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Tuesday, October 20

To Neighboring Town Hayama With Our Neighbor!

I've talked before about how the Japanese like to keep their lives so separate and private from everyone around then. Our house is the only one on our narrow, but long street that doesn't have a wall surrounding as if we were trying to live in some ancient samurai fortress. But that is only because it was built specifically for Americans, who have the big government bucks behind them and can easily afford a nice big, modern and entirely open house. (Thank you taxpayers!) The one side of our house is completely open, thanks to the likes of four large sliding glass doors. They can be covered with the large pull-down storm doors, which all Japanese dwellers would pull down at the inkling of evening darkness or the possibility that someone might peep inside their home for a second. For a major peeper like me, this was difficult to get used to. Even more difficult to get used to was the idea of pulling our own storm doors down every night. For the first two and a half years we lived here, I can honestly say we never closed the storm doors except if there was an actual storm coming. I know people thought we were nuts and quietly clucked their tongues and shook their heads behind our backs, but I simply refused to lock up the house so tight when, instead, we could have a nice breeze blowing through the house. It was only when the baby really started to become active and focal did we finally do it their way and shut the house up. I wouldn’t want the police to show up for noise disturbance simply because there was one Japanese rule that I lacked in following.

After all of our time here, though, I think our neighbor has become most accustomed to our way of life. We usually roll the doors up and fling open the curtains to let in the sunshine the minute we are up and downstairs… generally around 6:00 a.m. Our neighbor seems to now look for this cue, which means she is doing her own faux pas and is actively looking our way to see what we might be up to. We’re pretty darn lame when we are around the house, so the answer is generally nothing of interest. Most interesting in her embracement of our way of life is that she assumes that if the storm doors are up, we are open for business… no matter the time. Thankfully, I now make it a habit to change out of my jammies every morning before I get the baby from his crib so I am, by and large, dressed and presentable. This totally isn’t a complaint or a problem, because when she knocks, it is always for something good. Last week she brought freshly made pickled plums one day and another day it was an invite for a day out in Hayama.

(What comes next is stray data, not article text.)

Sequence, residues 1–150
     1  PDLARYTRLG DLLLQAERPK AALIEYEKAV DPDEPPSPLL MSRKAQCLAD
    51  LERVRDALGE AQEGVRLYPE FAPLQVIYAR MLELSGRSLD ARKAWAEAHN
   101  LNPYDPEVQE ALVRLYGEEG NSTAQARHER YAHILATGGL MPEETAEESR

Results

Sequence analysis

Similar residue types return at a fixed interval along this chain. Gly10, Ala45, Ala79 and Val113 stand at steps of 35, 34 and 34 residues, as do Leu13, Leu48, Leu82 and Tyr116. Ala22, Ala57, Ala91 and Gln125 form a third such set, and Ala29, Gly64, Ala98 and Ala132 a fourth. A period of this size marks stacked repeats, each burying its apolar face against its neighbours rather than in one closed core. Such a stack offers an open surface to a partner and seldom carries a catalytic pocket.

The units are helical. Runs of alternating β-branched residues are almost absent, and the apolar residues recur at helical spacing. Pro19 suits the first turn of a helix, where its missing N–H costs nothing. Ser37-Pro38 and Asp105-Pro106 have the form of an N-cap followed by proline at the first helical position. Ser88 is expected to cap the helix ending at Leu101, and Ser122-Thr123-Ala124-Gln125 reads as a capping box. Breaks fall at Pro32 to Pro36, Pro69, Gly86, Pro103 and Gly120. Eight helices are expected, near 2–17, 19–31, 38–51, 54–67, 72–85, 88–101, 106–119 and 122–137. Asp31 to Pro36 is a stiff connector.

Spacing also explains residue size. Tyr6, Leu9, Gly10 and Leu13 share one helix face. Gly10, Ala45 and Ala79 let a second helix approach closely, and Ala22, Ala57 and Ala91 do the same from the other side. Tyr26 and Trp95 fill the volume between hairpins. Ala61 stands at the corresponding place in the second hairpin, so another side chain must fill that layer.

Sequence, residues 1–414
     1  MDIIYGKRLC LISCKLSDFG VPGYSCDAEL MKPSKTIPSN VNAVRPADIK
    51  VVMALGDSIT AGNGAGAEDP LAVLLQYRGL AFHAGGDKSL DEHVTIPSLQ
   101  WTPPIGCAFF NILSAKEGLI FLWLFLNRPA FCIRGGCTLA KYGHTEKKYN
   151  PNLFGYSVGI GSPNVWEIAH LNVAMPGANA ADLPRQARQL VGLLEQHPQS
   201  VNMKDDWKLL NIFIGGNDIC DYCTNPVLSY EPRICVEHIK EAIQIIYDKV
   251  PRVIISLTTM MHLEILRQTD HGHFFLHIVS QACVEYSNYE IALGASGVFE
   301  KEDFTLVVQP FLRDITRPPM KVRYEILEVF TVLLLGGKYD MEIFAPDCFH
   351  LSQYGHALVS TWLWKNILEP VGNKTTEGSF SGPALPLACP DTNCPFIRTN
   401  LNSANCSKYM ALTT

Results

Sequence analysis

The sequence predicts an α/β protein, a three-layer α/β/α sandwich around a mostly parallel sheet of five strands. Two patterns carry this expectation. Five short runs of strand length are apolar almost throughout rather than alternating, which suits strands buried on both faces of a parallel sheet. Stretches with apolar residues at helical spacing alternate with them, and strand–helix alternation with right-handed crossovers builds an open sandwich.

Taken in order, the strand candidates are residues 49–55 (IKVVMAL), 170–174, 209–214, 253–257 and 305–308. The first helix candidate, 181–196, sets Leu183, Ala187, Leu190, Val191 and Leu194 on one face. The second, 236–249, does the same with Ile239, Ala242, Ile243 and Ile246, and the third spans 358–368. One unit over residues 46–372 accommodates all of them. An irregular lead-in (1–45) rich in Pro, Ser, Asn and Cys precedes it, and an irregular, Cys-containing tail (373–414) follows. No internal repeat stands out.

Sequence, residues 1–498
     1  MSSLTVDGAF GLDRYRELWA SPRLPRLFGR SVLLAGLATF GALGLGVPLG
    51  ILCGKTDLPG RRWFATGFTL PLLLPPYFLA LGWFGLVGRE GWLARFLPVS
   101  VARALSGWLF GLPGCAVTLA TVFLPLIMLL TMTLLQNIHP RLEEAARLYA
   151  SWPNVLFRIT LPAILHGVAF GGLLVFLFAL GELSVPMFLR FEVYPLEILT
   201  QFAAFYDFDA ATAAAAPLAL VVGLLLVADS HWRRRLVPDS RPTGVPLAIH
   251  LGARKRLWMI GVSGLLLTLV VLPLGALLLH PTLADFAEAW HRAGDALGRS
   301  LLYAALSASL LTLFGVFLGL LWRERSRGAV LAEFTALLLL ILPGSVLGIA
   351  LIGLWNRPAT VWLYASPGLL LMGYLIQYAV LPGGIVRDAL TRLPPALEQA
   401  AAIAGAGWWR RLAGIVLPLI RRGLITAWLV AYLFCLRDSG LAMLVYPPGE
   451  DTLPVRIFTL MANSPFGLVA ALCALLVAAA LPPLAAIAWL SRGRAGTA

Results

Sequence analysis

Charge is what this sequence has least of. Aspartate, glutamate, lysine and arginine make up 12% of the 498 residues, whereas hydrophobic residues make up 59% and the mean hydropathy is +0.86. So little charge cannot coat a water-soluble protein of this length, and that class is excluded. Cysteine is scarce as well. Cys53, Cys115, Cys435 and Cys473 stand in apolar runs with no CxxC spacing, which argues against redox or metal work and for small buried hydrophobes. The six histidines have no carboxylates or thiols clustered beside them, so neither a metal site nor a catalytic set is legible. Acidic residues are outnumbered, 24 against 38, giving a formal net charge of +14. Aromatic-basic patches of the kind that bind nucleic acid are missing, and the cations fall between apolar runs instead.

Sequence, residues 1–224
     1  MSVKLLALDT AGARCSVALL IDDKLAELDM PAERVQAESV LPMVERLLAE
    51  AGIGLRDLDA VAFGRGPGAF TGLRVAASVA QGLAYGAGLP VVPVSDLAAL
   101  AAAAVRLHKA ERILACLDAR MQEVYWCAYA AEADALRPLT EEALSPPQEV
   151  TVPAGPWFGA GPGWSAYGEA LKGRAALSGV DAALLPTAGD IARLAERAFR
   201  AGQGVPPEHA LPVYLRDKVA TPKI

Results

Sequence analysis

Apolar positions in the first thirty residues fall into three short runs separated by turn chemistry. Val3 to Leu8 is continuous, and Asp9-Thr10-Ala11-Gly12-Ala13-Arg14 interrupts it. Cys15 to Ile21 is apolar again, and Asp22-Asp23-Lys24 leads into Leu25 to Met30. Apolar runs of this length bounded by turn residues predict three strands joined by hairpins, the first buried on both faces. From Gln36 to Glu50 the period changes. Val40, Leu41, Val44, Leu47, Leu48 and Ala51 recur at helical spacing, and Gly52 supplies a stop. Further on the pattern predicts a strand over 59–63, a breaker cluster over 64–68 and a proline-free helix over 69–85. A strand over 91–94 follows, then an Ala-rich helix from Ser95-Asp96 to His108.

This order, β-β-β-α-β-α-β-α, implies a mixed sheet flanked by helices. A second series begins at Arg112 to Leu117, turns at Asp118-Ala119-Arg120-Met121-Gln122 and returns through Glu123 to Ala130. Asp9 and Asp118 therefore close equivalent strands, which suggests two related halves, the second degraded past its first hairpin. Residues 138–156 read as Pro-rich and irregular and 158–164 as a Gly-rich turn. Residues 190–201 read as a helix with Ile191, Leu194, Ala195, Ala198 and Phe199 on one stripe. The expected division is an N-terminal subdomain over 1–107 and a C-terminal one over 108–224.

We headed out late in the morning and began our excursion at the Hayama Shiosai Park and Museum. The gardens were actually a former part of the Imperial family’s Villa Gardens at their summer home in Hayama. They are kept as immaculately groomed as ever. The only difficulty we found is that the gardens were not stroller friendly. We had to skip some rocks at one point to cross a waterfall. I carried the stroller across while a few other strollers looked on and just prayed the whole way that I didn’t lose my footing, sending both baby and me into the stream of koi below.

In the middle of the garden is a tea house, where we did stop to enjoy traditional sweets and matcha tea, a thick green tea used in many Japanese ceremonies. I don’t know if I can say I like the taste, but I also don’t dislike it. Nonetheless, I keep drinking it in the hopes of finding out what I think of it some day.

After tea, we strolled through the small museum to see exhibitions of things that Emperor Showa extracted from the Hayama shoreline, as well as many exoskeletons of deep sea creatures I hope to never meet and which will probably keep me from ever diving in the waters of Japan. KP held little interest for all the tiny things behind glass which kept his tiny hands from checking them out up close, so we didn’t linger.